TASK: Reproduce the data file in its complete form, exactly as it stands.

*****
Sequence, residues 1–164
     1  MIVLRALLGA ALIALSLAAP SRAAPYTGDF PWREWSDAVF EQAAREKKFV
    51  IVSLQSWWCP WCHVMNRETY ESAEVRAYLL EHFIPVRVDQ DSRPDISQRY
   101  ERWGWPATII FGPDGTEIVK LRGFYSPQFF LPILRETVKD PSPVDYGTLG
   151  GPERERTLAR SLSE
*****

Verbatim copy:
Sequence, residues 1–164
     1  MIVLRALLGA ALIALSLAAP SRAAPYTGDF PWREWSDAVF EQAAREKKFV
    51  IVSLQSWWCP WCHVMNRETY ESAEVRAYLL EHFIPVRVDQ DSRPDISQRY
   101  ERWGWPATII FGPDGTEIVK LRGFYSPQFF LPILRETVKD PSPVDYGTLG
   151  GPERERTLAR SLSE